Dental Amalgam is a commonly used dental filling that has been used for over 150 years. It is a mixture of mercury with at least one other metal. Amalgam has many advantages over other restorative material, such as low cost, strength, durability, and bacteriostatic effects.
Amalgam is used in dentistry for a number of reasons. It is relatively easy to use and manipulate during placement; it remains soft for a short time so it can be packed to fill any irregular volume, and then forms a hard compound. Amalgam possesses greater longevity than other direct restorative materials, such as composite. On average, most amalgam restorations serve for 10 to 12 years, whereas resin-based composites serve for about half that time.
ADA and FDA recommendations for fillings
Dental amalgam has a 150-year proven track record of as one of the safest, most durable and least expensive materials used to a fill a cavity. Ongoing scientific studies conducted over the past 100 years continue to show that amalgam is not harmful.
Much of the concern over the safety of amalgams arises from the use of mercury as a bonding agent. But when mercury is combined with other materials in dental amalgam, its chemical nature changes, rendering it harmless. The amount of mercury released in the mouth under the pressure of chewing and grinding is extremely small and no cause for alarm. In fact, it is less than what patients are exposed to in food, air and water, and less than what gets released in patients who opt to have an existing amalgam filling removed.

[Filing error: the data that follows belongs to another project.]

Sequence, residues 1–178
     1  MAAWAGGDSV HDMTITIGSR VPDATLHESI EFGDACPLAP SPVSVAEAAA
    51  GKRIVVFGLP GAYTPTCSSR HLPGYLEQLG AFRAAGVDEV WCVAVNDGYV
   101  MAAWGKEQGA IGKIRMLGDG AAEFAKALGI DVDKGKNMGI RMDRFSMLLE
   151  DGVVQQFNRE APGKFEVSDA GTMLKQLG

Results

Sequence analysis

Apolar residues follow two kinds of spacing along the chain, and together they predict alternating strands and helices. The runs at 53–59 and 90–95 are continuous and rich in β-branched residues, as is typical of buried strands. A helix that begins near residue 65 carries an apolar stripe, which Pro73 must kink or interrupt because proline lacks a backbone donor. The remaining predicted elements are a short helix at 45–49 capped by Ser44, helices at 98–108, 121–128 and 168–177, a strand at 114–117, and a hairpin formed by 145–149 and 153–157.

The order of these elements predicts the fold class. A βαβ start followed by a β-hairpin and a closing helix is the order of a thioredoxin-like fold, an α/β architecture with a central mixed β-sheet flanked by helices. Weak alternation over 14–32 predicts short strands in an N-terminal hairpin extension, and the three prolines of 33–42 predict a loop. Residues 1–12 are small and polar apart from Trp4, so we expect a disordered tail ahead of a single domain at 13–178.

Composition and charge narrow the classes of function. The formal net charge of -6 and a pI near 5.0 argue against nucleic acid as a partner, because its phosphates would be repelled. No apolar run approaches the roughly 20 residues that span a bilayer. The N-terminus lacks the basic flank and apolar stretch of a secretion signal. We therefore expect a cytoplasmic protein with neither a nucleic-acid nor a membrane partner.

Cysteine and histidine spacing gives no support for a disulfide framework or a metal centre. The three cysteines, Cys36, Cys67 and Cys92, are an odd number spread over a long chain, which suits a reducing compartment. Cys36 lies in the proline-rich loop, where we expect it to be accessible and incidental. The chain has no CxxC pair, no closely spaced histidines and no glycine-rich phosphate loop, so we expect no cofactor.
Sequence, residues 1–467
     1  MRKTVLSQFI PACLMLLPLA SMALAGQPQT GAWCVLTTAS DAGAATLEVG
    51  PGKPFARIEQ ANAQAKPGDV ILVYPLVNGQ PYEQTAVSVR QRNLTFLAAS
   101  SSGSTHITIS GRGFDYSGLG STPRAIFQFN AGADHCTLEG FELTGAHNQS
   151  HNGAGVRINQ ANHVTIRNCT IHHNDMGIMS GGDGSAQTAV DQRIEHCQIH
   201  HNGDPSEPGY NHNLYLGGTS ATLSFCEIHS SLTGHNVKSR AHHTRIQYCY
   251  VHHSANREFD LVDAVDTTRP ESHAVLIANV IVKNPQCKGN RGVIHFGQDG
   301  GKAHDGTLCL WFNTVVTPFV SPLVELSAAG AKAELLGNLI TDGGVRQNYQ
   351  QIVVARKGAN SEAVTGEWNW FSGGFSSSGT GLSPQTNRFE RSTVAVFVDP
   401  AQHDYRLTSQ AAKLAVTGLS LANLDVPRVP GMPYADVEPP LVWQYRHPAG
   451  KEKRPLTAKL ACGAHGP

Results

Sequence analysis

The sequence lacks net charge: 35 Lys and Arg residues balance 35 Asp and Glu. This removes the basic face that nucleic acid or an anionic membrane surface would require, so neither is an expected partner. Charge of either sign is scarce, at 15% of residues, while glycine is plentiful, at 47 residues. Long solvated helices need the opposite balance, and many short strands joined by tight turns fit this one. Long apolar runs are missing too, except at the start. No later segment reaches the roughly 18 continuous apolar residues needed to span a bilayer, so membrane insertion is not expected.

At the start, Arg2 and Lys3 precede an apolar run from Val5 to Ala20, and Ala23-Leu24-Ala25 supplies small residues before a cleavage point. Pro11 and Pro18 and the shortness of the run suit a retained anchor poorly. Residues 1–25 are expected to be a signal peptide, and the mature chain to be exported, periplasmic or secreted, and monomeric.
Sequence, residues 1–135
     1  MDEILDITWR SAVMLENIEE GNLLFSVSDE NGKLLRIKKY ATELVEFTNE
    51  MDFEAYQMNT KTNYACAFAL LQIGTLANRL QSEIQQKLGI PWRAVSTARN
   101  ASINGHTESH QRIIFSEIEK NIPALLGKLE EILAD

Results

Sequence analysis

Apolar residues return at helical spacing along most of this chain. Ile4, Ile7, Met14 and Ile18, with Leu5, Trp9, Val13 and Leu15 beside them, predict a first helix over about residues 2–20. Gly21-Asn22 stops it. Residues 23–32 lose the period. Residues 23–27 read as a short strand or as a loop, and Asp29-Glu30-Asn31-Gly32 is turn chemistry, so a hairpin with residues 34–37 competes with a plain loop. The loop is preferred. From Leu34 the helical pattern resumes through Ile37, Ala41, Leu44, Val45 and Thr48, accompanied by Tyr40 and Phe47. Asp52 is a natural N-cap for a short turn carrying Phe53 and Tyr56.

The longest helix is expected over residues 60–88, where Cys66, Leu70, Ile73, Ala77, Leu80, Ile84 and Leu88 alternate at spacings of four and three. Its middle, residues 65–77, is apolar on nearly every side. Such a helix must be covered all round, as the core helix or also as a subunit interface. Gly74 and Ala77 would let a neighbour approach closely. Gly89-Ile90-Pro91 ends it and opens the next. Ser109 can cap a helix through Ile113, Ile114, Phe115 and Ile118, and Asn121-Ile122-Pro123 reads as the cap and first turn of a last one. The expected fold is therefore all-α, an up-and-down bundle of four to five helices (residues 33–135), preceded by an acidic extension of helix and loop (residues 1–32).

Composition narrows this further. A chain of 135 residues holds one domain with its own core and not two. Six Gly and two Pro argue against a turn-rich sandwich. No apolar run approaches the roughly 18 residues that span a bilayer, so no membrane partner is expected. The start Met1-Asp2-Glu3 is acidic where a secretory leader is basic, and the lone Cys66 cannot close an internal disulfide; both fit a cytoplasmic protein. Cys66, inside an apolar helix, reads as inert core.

The American Dental Association (ADA) maintains that dental amalgam remains a safe, affordable and durable cavity filling choice for dental patients. In addition, the U.S. Food and Drug Administration (FDA) does not recommend the removal of amalgam fillings from patients who have them because this could cause more harm to the tooth structure and pose other health risks to the patient.
Deciding which type of filling to use is best made by the patient and dentist, taking into account the size and location of the cavity, patient history, cosmetic concerns and cost. Ask your dentist to discuss all of the choices available for dental fillings and help you decide which alternative is right for you.
The American Dental Association Council on Scientific Affairs has concluded that both amalgam and composite materials are considered safe and effective for tooth restoration.